GOP Roadblocks Healthcare For Illegals

The political situation within the United States has reached new and increasing levels of tension, polarization and controversy as of late. At the southern border, many experts have estimated that in just three years of the Biden administration’s control of the executive branch of the federal government that over five and a half million illegal migrants have entered the country. Early in his presidency, Biden and his administration rescinded many of the former president Donald Trump’s border policies and a huge surge in illegal migration occurred following these decisions. One policy, known as the “remain in Mexico” policy, had been quite effective in keeping illegal migrants out of the nation and required them to remain in Mexico before asylum claims could be verified. Many people with malicious intent, including human traffickers, narcotics smugglers, and even individuals on the terrorist watch list have taken advantage of these new policies at the border and used them to benefit themselves and harm thousands of others.

While traditionally, progressively run (or “blue”) states have often been more likely to promote political agendas and enact legislation in support of assistance and aid to foreign migrants who entered the nation illegally, it appears that in recent times even “red” states have been fostering policies to help those who broke the law and entered the country illegally at the expense of legal American citizens. The state of Utah recently passed legislation within the legislature that has stated that healthcare benefits will now be provided for free to the children of illegal migrants.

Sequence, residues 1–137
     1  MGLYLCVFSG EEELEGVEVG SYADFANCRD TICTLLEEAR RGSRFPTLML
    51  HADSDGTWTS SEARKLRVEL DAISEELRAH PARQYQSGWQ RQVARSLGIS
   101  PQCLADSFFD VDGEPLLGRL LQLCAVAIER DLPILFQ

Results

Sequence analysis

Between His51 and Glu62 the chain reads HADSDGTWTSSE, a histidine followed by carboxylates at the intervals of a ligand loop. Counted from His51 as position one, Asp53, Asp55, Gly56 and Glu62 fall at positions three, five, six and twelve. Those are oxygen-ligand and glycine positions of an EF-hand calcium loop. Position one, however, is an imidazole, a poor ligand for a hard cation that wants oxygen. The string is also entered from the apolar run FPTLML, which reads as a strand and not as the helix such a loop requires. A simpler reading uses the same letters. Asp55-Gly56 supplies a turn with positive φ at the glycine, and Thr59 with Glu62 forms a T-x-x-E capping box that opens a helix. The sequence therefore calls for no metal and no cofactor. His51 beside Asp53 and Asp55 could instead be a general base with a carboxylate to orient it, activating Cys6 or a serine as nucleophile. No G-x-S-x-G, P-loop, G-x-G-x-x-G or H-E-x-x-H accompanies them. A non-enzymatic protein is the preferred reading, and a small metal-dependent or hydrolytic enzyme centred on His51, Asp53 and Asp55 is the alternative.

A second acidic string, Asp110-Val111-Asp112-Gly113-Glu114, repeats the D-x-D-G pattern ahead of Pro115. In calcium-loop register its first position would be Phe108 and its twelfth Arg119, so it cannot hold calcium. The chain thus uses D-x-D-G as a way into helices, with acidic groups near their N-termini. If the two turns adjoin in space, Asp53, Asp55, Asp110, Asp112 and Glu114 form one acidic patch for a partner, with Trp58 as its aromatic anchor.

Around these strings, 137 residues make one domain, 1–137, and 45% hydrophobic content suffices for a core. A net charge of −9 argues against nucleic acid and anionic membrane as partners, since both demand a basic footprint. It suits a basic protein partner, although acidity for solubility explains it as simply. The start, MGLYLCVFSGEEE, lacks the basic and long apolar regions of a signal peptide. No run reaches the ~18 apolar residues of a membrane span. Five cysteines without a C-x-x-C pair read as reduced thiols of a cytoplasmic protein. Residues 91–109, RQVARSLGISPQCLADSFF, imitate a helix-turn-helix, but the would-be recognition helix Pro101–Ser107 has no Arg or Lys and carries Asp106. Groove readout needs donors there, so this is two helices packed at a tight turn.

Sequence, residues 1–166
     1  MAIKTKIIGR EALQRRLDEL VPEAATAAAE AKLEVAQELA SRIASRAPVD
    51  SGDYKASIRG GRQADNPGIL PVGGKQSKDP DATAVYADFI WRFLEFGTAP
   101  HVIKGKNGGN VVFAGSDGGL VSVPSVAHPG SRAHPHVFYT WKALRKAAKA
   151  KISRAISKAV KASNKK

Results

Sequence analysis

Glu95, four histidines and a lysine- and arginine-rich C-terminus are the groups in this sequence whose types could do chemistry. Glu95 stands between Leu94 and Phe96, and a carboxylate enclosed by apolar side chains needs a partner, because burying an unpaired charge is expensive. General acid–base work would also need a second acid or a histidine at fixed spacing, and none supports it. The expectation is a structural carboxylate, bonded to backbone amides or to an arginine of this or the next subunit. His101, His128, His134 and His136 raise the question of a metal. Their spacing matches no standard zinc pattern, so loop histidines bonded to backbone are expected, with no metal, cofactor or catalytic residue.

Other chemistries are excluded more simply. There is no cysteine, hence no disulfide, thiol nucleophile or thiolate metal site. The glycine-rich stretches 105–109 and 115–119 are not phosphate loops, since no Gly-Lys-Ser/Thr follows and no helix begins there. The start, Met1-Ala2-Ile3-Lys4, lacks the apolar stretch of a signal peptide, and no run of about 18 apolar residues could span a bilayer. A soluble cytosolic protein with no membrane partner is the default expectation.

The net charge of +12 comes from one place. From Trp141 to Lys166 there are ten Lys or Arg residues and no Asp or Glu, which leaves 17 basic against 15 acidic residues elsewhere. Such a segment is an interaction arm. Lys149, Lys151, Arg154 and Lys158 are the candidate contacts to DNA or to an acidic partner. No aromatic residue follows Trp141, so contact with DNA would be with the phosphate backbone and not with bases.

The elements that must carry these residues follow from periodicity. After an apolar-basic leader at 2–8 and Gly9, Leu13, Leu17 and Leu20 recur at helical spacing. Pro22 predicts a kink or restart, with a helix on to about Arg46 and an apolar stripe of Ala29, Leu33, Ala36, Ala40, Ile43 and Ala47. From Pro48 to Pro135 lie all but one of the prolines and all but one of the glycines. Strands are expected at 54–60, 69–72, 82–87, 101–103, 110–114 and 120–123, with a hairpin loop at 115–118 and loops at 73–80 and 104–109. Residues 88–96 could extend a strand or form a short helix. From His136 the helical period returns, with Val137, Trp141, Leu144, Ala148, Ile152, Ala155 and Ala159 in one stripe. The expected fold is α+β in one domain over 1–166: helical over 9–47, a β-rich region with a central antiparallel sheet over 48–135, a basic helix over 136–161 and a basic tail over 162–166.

The senator Bill Cassidy recently introduced a piece of legislation that would prevent federal funds from being appropriated by states for the purpose of providing health benefits to illegal migrants. The act was titled the “Protect Medicaid Act” and would prevent federal Medicaid funds from going towards “administrative costs of health benefits” for illegals. Other sponsors include Marsha Blackburn of Tennessee, and John Barrasso (Wyoming).